Egnal’s attention to the fact that secession occurred in two phases for different reasons is a powerful argument. Also, his reasoning is sound that the sudden end of the Whig Party, a national political force historically aligned with the ideals of compromise, and replaced almost overnight (in a political sense) by an anti-slavery party galvanized radicals on both sides.

But, the Republican Party’s performance in 1856 was bettered in 1860 only after it tempered the slavery issue with the at least equally important economic concerns of the day. The slavery issue alone was insufficient to get Lincoln elected and the election of Lincoln alone was insufficient to lead to the secession of the Upper South. These facts put slavery in its rightful place, as the issue of critical importance only to abolitionists of New England and to secessionists of the Deep South. For the rest of our nation, the economy drove much of the ensuing events, according to Egnal.

I find this interpretation appealing, though personally I feel the issue is still more complex than Egnal makes it. For me, the best way to interpret the coming of the War Between the States is more of a sociological one rather than political or economic. It was a clash of two cultures, one traditionally agrarian, and the other progressively industrial. The factors that supported each culture (which include slavery, of course) en total bring the picture better into focus.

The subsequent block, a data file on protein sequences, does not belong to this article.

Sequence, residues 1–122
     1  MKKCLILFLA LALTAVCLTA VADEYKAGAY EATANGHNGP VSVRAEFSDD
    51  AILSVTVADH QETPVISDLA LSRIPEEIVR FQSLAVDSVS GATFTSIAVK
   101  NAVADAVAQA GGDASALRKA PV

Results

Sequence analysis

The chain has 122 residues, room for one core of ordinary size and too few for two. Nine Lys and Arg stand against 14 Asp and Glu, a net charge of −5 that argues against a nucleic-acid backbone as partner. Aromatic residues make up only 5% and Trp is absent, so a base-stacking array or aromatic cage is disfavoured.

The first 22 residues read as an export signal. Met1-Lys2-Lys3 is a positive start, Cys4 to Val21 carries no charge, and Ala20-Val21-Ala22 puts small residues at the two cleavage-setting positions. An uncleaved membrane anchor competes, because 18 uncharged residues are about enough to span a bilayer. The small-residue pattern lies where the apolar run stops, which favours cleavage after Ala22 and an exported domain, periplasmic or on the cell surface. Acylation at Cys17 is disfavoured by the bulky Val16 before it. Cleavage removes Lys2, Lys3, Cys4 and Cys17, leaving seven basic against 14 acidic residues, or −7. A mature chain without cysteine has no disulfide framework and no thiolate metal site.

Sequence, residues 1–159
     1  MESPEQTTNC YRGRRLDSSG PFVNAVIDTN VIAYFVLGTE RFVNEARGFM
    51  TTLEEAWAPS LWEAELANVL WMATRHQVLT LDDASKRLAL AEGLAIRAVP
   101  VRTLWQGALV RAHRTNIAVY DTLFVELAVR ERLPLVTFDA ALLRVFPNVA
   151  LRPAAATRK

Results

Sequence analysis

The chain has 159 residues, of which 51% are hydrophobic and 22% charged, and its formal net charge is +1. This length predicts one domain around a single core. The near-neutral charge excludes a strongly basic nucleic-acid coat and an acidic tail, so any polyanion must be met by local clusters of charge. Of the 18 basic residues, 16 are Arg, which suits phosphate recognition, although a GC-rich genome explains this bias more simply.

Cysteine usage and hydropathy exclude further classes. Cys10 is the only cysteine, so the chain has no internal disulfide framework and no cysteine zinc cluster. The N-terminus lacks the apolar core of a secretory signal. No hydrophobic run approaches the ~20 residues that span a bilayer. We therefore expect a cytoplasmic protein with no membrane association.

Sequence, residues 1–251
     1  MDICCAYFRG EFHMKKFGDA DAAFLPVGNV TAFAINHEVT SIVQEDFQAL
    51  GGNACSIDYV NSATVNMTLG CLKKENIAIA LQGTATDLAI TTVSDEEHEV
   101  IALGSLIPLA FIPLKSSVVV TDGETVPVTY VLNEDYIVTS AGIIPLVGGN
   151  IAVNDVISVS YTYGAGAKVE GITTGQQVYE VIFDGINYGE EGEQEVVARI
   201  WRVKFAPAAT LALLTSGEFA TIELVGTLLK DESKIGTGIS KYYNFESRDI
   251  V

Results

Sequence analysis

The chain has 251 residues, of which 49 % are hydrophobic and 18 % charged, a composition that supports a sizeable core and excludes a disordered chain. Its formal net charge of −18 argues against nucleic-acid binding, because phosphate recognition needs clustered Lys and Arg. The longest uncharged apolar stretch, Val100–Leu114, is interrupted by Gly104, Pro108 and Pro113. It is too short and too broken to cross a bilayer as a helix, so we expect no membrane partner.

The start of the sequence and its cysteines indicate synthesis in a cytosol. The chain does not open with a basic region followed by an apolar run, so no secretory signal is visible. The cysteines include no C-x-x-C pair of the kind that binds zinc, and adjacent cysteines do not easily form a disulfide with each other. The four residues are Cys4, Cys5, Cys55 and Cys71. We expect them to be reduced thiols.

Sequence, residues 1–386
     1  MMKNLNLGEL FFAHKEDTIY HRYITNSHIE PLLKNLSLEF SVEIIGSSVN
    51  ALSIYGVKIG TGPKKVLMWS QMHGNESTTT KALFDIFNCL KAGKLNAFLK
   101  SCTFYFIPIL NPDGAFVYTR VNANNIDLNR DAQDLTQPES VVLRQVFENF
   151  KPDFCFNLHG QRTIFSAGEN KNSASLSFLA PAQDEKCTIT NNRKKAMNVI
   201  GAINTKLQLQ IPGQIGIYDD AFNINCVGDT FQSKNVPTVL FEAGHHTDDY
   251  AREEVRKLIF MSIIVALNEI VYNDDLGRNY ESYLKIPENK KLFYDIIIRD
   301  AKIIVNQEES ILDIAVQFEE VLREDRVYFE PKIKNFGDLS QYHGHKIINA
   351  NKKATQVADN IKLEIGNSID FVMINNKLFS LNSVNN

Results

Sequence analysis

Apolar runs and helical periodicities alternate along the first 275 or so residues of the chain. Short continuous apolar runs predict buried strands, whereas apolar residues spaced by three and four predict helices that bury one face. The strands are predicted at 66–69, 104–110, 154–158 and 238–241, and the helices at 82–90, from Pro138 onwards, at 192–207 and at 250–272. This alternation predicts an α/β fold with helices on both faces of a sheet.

Still Egnal’s work is significant because it offers a reasoned, factual counterpoint to the revisionist social criticism that masquerades as history in contemporary academia. (Ken Burns comes to mind, though I respect his artistic style.) Slavery was no more or less a cause of the war than the disintegration of the Whig Party itself. It was merely the most emotional of many reasons.


For me personally, I’ll stand by Clement Eaton’s rationale as offered in his classic work A History of the Old South. Speaking of the Southern Confederacy, “The rise of this new nation was a part of that romantic nationalism of the mid-nineteenth century that was agitating Europe. Far more important among the emotional forces propelling the Southern people to seek independence, a motivation that has been grossly underestimated by historians, was the call to uphold Southern honor (today, in contrast to 1860 in the South, honor seems to be in disrepute).” (page 504)

Sunday, April 19, 2009

Basic Dogness

Left to right, Nala, Parks, and Charlie on our front porch. So happy together.

When we married, Jennifer came complete with two indoor cats. In fact, I shacked up with the cats in our first home a couple of weeks before we entered wedded bliss. It was a kind of get acquainted time for the cats and myself. That was about 21 years ago.